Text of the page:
**W**hen fishing for an illustration for this post on Google, I came upon this Bayesian methods for hackers cover, a book about which I have no clue whatsoever (!) but that mentions probabilistic programming. Which serves as a perfect (?!) introduction to the call for discussion in Bayesian Analysis of the incoming Bayesian conjugate gradient method by Jon Cockayne, Chris Oates (formerly Warwick), Ilse Ipsen and Mark Girolami (still partially Warwick!). Since indeed the paper is about probabilistic numerics à la Mark and co-authors. Surprisingly dealing with solving the deterministic equation Ax=b by Bayesian methods. The method produces a posterior distribution on the solution x⁰, given a fixed computing effort, which makes it pertain to the anytime algorithms. It also relates to an earlier 2015 paper by Christian Hennig where the posterior is on A⁻¹ rather than x⁰ (which is quite a surprising if valid approach to the problem!) The computing effort is translated here in computations of projections of random projections of Ax, which can be made compatible with conjugate gradient steps. Interestingly, the choice of the prior on x is quite important, including setting a low or high convergence rate… **Deadline is August 04!**

## Archive for Bayesian Analysis

## Bayesian conjugate gradients [open for discussion]

Posted in Books, pictures, Statistics, University life with tags Bayesian Analysis, Bayesian methods for hackers, discussion paper, probabilistic numerics, probabilistic programming, University of Warwick on June 25, 2019 by xi'an## from tramway to Panzer (or back!)…

Posted in Books, pictures, Statistics with tags Bayesian Analysis, German tank problem, Laplace succession rule, order statistics, The Bayesian Choice, tramway problem, tramways on June 14, 2019 by xi'an **A**lthough it is usually presented as *the tramway problem*, namely estimating the number of tram or bus lines in a city given observing one line number, including The Bayesian Choice by yours truly, the original version of the problem is about German tanks, Panzer V tanks to be precise, which total number *M* was to be estimated by the Allies from their observation of serial numbers of a number *k* of tanks. The Riddler is restating the problem when the only available information is made of the smallest, 22, and largest, 144, numbers, with no information about the number *k* itself. I am unsure what the Riddler means by “best” estimate, but a posterior distribution on *M* (and *k*) can be certainly be constructed for a prior like *1/k x 1/M²* on *(k,M)*. (Using M² to make sure the posterior mean does exist.) The joint distribution of the order statistics is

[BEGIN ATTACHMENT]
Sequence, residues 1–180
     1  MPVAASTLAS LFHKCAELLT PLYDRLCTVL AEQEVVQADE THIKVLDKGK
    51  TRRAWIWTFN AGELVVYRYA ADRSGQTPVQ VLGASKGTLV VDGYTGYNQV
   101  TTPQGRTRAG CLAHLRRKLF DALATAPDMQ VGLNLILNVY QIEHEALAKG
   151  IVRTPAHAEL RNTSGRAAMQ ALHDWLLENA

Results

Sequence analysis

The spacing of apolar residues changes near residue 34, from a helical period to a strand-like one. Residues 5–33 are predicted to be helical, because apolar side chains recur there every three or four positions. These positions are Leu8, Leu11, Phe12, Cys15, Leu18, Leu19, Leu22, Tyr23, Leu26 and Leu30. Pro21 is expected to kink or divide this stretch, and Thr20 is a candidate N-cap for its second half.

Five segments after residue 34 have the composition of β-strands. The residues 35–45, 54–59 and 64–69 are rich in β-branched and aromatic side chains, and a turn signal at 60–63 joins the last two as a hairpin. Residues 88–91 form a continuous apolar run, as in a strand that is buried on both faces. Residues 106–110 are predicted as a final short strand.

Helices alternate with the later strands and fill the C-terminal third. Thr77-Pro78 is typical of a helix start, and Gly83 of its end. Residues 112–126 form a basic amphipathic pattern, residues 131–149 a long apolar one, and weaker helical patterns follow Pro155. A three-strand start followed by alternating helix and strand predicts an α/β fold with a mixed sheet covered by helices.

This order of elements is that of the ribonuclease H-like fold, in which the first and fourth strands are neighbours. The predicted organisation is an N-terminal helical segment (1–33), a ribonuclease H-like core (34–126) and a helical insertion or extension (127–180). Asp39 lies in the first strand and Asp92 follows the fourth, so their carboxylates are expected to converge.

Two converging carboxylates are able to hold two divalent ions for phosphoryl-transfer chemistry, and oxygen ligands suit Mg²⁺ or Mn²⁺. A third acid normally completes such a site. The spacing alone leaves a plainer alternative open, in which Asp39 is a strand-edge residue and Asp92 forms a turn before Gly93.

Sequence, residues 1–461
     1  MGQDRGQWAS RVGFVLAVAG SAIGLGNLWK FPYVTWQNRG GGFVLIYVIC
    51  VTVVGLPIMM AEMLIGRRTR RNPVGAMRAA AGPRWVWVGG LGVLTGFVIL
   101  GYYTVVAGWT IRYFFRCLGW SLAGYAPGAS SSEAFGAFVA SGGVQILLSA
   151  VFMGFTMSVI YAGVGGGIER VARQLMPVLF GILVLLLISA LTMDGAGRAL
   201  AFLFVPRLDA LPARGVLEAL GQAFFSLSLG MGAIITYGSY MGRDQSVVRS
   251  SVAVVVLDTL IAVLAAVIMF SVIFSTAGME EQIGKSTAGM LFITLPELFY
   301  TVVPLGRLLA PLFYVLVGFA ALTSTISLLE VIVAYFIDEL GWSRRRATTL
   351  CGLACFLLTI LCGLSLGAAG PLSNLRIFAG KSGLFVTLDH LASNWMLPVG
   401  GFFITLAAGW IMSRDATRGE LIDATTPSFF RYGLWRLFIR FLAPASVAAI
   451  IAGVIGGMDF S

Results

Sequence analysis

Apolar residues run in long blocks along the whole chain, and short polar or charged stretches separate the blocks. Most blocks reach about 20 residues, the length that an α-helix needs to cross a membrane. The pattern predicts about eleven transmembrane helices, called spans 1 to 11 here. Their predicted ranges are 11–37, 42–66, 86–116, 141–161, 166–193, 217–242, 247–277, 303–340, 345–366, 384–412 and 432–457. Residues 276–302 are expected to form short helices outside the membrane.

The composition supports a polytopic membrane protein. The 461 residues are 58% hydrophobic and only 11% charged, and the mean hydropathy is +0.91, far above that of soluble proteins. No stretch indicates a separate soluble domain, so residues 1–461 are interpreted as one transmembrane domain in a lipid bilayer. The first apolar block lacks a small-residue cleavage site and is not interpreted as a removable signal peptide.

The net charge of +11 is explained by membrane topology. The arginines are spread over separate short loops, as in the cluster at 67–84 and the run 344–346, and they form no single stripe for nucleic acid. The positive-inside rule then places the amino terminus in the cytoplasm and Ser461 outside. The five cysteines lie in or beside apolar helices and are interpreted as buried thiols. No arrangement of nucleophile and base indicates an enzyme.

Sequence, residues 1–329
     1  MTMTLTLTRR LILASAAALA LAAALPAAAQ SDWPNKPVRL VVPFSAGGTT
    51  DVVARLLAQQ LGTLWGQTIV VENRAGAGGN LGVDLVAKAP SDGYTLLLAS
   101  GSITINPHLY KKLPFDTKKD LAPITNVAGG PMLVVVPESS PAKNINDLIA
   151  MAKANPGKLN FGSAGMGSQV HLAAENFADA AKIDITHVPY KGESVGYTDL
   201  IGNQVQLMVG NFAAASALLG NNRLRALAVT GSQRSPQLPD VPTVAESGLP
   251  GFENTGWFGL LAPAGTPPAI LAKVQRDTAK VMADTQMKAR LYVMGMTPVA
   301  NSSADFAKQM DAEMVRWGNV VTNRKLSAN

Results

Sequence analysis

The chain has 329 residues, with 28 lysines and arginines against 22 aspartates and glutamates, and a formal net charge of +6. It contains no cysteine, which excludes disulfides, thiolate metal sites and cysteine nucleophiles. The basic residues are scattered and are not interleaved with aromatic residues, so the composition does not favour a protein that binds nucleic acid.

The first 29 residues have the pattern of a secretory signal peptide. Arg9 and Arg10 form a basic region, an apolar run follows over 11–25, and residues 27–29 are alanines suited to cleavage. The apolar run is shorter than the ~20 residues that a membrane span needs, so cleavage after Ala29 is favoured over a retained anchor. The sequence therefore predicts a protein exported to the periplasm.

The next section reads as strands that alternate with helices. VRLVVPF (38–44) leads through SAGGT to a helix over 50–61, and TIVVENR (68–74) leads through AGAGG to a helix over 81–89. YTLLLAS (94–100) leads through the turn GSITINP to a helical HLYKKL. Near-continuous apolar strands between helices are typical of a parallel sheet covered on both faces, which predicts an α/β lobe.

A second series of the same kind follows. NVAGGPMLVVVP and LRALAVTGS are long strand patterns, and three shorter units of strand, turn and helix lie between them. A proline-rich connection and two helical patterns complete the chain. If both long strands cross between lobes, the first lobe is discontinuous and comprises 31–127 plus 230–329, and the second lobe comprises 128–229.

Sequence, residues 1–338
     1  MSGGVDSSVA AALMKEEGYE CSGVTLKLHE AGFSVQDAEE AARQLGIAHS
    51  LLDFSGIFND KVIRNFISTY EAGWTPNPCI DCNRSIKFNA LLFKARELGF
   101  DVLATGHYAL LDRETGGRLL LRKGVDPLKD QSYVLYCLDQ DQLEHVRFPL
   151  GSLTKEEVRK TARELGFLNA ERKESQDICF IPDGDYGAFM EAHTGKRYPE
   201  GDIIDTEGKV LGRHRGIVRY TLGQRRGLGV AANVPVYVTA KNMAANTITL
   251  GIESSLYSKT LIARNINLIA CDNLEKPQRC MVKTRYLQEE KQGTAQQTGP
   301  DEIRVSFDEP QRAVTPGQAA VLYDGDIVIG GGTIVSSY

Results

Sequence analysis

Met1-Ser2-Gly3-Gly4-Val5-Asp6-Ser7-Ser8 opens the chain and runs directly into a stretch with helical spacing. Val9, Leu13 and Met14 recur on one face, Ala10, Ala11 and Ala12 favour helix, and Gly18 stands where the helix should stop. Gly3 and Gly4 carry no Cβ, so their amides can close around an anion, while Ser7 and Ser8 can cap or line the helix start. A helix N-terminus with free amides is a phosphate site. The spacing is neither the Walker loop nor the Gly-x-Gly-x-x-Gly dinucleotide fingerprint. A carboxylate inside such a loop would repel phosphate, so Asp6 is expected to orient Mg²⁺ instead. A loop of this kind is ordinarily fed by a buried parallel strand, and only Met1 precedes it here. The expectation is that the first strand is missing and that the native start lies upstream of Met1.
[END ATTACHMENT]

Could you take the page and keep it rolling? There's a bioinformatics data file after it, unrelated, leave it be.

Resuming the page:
which makes the computation of the posterior distribution rather straightforward. Here is the posterior surface (with an unfortunate rendering of an artefactual horizontal line at 237!), showing a concentration near the lower bound M=144. The posterior mode is actually achieved for M=144 and k=7, while the posterior means are (rounded as) M=169 and k=9.

## leave Bayes factors where they once belonged

Posted in Statistics with tags Bayes factors, Bayesian Analysis, Bayesian decision theory, cross validated, prior comparison, prior predictive, prior selection, The Bayesian Choice, The Beatles, using the data twice, xkcd on February 19, 2019 by xi'an**I**n the past weeks I have received and read several papers (and X validated entries)where the Bayes factor is used to compare priors. Which does not look right to me, not on the basis of my general dislike of Bayes factors!, but simply because this seems to clash with the (my?) concept of Bayesian model choice and also because data should not play a role in that situation, from being used to select a *prior*, hence at least twice to run the inference, to resort to a *single* parameter value (namely the one behind the data) to decide between two distributions, to having no asymptotic justification, to eventually favouring the prior concentrated on the maximum likelihood estimator. And more. But I fear that this reticence to test for prior adequacy also extends to the prior predictive, or Box’s p-value, namely the probability under this prior predictive to observe something “more extreme” than the current observation, to quote from David Spiegelhalter.

## Bayesian intelligence in Warwick